BTG Hope

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Lehigh Valley Projects - 2018

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The Urgent Need for Policy Intervention

Student Intern:
Amanda Loper, Marywood University, School of Social Work

Academic Preceptor:
Mary Ellen Miller, PhD, RN, APHN-BC, DeSales University

Community Preceptors:
Kristine Blasco, The Sixth Street Shelter
Megan Barker, The Sixth Street Shelter

The Community Site:
The Sixth Street Shelter is a nonprofit subsidiary of the Community Action Committee of the Lehigh Valley (CACLV). It provides safe housing, case management and resources to families in need. The shelter’s primary focus is to provide housing for families as well as to offer intensive case management. Case managers assess residents’ needs and plan, implement and evaluate weekly and long-term goals. They monitor residents’ progress and facilitate interprofessional communication. View Community Partner Web Site

BTG Focus Areas (adapted from Healthy People 2010 and 2020):
Educational Advancement; Injury and Violence Prevention; Literacy; Mental Health; Oral Health; Physical Activity and Fitness; Responsible Sexual Behavior.

The Project:
The Bridging the Gaps student intern participated in several projects during her seven weeks at the Sixth Street Shelter. She helped residents with housing searches, résumé preparation, employment searches and assistance with completing employment applications. The intern provided health education on several topics, including mental, heart and oral health. She collaborated to create self-care and empowerment workshop series and weekly art projects and physical fun activities for the resident were completed. The BTG intern also studied the effects of Hurricane Maria (2017) in Puerto Rico and how it impacted the shelter and homelessness in the Lehigh Valley. She also studied the issue of lack of affordable housing for low-income people in the Lehigh Valley area.

Intern Statement:
Amanda Loper: “These past seven weeks have been a fully enriching experience to study the cause and effects and homelessness in the lives of low-income families and children. I have gained a greater understanding of the strengths and financial challenges for a nonprofit organization such as the Sixth Street Shelter and have become fully committed to advocating for change to promote the need for affordable housing. The resiliency of the families supported by the Sixth Street Shelter have inspired me as a professional in social work and I will remember their stories of hope as I move forward in the field.”l the people who took time out of their busy schedule to give seminars during the Wednesdays in Philadelphia.”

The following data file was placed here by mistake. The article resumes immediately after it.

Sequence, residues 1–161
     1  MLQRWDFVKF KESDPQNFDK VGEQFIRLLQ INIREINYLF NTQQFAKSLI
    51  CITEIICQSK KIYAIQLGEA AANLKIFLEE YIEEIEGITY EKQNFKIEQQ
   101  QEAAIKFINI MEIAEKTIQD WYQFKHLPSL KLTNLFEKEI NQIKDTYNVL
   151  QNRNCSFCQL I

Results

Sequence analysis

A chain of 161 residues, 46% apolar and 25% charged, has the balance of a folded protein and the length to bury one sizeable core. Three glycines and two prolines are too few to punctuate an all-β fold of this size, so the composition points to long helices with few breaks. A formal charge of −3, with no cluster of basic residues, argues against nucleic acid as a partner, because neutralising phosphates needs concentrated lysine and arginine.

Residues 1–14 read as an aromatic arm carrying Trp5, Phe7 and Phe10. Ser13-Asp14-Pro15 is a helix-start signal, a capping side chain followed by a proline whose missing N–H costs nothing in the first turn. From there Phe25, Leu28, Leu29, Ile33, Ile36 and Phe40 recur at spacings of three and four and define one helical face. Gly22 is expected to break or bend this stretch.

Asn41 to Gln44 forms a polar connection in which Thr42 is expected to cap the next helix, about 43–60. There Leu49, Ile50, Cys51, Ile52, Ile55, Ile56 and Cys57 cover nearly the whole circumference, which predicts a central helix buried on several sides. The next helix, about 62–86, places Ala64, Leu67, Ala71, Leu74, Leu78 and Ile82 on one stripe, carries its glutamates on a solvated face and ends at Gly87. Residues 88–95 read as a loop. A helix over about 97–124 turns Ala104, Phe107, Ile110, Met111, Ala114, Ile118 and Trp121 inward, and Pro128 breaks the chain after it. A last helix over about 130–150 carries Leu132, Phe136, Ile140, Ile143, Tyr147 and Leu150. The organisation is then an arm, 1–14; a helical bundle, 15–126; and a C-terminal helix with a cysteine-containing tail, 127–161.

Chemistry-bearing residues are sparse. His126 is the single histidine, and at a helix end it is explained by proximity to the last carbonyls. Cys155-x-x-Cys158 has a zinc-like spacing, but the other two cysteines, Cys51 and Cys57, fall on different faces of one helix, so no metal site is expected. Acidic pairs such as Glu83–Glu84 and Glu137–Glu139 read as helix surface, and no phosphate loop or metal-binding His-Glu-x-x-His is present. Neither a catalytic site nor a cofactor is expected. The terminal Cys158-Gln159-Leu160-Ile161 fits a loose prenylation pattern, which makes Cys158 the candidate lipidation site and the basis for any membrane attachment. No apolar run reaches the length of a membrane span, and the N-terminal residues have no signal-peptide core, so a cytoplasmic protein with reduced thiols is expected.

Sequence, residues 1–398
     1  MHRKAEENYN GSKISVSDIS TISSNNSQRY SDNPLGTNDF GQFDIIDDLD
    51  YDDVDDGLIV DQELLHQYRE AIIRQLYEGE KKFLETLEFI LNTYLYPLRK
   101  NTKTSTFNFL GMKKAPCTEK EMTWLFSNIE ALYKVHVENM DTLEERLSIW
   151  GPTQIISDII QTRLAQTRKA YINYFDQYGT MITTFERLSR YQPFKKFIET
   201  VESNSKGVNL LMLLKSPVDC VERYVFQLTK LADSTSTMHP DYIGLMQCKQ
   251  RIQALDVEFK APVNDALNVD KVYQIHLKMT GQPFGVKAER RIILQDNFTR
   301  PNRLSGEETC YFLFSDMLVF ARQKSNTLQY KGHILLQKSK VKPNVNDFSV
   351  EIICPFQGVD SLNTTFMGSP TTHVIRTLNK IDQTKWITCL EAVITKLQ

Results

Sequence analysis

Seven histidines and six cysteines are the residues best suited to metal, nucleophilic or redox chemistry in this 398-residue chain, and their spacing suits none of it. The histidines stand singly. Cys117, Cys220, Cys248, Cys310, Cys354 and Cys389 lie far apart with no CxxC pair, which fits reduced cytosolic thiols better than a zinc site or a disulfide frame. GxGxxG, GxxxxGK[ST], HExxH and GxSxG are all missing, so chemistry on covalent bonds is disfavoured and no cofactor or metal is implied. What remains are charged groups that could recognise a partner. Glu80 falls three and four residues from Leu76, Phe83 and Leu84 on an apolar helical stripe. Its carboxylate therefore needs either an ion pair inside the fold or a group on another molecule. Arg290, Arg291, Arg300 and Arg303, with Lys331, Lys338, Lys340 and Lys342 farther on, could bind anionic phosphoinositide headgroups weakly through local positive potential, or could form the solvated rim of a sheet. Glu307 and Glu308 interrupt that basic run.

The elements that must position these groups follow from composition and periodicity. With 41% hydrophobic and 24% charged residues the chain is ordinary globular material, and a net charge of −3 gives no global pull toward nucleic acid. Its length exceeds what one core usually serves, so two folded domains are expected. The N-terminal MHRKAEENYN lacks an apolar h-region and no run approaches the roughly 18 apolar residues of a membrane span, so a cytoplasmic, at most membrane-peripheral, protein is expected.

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Making Alliances at Alliance Hall Summer Camp

Student Interns:
Brianna Annunziata, DeSales University, Physician Assistant Program
Alexa Canella, Moravian College, Nursing Program

Academic Preceptor:
Mary Ellen Miller PhD, RN, APHN-BC, DeSales University

Community Preceptor:
Tina Amato, MS, RD, LDN, Allentown Health Bureau

The Community Site:
The Alliance Hall Summer Recreation Program is a collaborative effort by several organizations providing recreation, arts and crafts, swimming, field trips, breakfast and lunch to inner-city children in Allentown, PA. The program registers approximately 250 children aged 7 to 13. During the program’s five-week operational period in July and August, 150 children participate daily on a drop-in basis. The 2018 program ran Monday through Thursday from 9:30 a.m. to 3:30 p.m. Program participation is free. Community Development Block Grants, corporate and private donations and in-kind contributions fund the program.

BTG Focus Areas (adapted from Healthy People 2010 and 2020):
Cardiovascular Health; Nutrition and Weight Status; Oral Health; Physical Activity and Fitness; Tobacco Use.

The Project:
Every day the Bridging the Gaps interns encouraged a safe and healthy lifestyle at the Alliance Hall Summer Recreation Program. The program provides each child with a nutritious breakfast and lunch and the interns held a nutrition and cardiovascular health seminar to help them understand what healthy foods are and how to eat well. Information as to why eating balanced meals and exercising is important to their health was constantly provided and reiterated. Every day the campers went out on the playground, played basketball or ran and went swimming in the pool. All information was reinforced with field trips including a trip to a sports-themed museum, Putt-U mini golf, Dorney Park, a DeSales Players Production of “Alice in Wonderland” and Imagi-nation. The older children at the camp worked all summer on dance routines to compete in Allentown’s ROMPER day. They performed their dance routines for the entire camp and will perform at Dorney Park.